There is never enough money and never enough resources in a business. Whether you work in a multinational corporation with billions of dollars to splash around, or a micro business with only a few staff, budgeting is always tough. How do you allocate this limited budget to greatest effect?

It pays to remember the process for forming a business strategy.

  • Work out where to play (which markets are you targeting, which are you ignoring, and how much money will you allocate to each market?).

  • Decide how to play (set the correct strategy for each product market, taking into account the maturity of buyers).

  • Recognise the likely level of expenditure in each of these maturity stages.

  • Allocate expenditure according to these priorities while also considering buyer maturity.

Businesses typically split budgets and resources between three major marketing streams:

  • Environmental Marketing (how you condition the market) – key activities include positioning your brand in the minds of the buyers, and influencing their perceptions of your brand.

  • Demand Generation (how you identify willing buyers) – this is how you fill your sales funnel by taking buyers on a journey. They progress from being untroubled about the problems you solve, to becoming troubled, then acquiring an interest in a solution, getting clarity on options and, finally, becoming engaged.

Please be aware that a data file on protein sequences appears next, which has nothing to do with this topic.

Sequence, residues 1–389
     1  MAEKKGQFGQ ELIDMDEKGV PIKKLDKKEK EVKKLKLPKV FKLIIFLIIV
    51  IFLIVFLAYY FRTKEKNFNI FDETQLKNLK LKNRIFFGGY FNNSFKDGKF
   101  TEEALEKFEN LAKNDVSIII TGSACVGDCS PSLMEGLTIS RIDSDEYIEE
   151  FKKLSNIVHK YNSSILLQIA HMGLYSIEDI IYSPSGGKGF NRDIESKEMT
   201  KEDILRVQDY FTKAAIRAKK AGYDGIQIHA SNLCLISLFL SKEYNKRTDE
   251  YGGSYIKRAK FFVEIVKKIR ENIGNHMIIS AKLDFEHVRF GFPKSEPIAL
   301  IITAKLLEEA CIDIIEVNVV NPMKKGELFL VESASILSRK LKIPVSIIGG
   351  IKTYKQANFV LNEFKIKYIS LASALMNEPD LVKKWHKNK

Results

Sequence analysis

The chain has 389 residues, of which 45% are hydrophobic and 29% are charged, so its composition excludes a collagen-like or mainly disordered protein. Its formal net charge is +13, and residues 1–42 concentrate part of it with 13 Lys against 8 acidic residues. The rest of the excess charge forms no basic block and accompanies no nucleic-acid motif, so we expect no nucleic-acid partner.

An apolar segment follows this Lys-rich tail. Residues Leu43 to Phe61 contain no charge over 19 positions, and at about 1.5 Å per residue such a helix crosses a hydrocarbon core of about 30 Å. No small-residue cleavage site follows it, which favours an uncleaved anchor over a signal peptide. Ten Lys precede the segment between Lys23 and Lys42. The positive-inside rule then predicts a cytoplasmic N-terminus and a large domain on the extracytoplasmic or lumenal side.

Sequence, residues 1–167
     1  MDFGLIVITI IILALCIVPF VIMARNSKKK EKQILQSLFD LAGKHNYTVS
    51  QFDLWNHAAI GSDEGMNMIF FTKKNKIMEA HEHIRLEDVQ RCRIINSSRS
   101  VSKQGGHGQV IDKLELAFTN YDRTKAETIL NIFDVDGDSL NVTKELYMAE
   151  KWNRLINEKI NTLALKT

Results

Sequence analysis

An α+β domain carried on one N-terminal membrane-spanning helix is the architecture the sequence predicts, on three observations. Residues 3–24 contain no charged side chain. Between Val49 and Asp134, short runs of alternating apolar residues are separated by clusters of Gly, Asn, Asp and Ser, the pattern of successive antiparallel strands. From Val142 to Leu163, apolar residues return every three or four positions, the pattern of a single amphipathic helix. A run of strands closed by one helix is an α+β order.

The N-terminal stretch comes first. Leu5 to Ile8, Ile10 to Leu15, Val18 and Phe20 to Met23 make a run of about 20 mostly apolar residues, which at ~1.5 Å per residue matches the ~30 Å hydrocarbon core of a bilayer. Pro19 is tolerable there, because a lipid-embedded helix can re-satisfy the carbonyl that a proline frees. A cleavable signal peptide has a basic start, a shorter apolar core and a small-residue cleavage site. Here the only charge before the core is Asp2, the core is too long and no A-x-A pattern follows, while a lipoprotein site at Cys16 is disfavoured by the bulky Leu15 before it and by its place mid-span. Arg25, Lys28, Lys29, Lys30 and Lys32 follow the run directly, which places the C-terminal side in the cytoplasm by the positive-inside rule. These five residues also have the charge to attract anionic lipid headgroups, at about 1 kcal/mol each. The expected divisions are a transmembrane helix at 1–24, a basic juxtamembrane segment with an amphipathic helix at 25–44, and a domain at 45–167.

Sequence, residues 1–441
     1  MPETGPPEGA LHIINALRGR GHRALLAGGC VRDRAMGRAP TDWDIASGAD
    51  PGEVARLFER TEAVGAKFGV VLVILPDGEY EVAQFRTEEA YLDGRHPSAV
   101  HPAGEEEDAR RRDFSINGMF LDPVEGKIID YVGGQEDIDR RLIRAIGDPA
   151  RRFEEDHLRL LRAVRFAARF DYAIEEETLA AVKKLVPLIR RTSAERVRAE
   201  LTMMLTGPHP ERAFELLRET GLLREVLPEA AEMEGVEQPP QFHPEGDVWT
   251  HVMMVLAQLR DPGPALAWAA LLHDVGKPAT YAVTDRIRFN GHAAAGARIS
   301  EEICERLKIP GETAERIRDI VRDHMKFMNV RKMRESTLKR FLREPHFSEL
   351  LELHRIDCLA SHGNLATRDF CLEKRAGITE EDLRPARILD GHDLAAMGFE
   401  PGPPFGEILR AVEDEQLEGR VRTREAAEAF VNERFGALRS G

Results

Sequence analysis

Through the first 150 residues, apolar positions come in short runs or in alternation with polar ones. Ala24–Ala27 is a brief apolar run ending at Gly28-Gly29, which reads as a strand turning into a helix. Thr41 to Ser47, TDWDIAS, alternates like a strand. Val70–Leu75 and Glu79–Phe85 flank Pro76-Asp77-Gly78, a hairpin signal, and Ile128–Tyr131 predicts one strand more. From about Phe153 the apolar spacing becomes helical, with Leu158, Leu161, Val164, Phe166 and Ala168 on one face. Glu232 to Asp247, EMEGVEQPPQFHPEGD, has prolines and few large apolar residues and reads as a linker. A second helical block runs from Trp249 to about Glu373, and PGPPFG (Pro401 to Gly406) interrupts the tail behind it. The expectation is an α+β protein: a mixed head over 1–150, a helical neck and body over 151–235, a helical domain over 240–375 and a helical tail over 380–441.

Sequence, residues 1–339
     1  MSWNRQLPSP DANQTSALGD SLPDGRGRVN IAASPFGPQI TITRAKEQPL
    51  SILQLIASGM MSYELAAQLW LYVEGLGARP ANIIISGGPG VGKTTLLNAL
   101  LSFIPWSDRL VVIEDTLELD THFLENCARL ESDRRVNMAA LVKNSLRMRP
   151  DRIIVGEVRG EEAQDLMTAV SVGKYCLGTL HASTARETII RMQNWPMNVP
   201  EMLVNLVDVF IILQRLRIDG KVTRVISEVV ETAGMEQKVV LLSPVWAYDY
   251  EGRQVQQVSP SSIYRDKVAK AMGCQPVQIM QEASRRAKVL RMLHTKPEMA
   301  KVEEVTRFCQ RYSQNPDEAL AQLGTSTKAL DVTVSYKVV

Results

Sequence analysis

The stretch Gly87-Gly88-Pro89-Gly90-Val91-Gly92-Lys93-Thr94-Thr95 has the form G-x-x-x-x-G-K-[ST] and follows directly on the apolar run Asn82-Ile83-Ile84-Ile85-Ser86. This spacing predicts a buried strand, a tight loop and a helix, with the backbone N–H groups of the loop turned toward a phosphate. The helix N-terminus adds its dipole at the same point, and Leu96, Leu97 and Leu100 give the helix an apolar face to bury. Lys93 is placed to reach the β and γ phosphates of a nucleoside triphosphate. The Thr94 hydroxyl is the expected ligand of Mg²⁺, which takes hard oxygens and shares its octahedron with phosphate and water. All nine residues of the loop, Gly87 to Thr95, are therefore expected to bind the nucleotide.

• Channel Readiness (how you recruit, train, equip and enthuse your direct and indirect channels) – there is no point filling your sales funnel if you don’t have resources ready to progress buyers through it. Whether you sell through a direct sales force or through partners, a good portion of your budget will be consumed preparing your channel for battle.

In 2005, and released a study on sales and marketing alignment. The study’s insights into 1400 businesses in 84 countries provide an opportunity to influence budget strategies. There are only two rules to consider when allocating funds between the three aforementioned streams – first, plan to spend less than 25% of your budget on environmental marketing and, second, allocate more than 40% on demand generation.

These are only rules of thumb, of course, but the logic applies whether you are a multinational company or a start-up. Larger businesses can benchmark their settings on each of these decisions, while smaller ones benefit from being able to change their settings more rapidly.

However, for each stage of buyer maturity (using marketing luminary Geoffrey Moore’s Chasm Theory) there is a ‘correct’ strategy. Each strategy requires a different emphasis on environmental marketing, demand generation and channel readiness.

Our final task is to marry these concepts. To do so we factor in:

  • the product markets that are in, and out, and whether you are investing ahead of expected growth, holding firm, or milking an old market

  • the ideal strategy for each of these product markets

  • the type of expenditure that is required for each stage of the market (splitting between Environmental Marketing, Demand Generation and Channel Readiness)

  • the level of expenditure required to create alignment between sales and marketing.

It all adds up to a limited budget being well spent.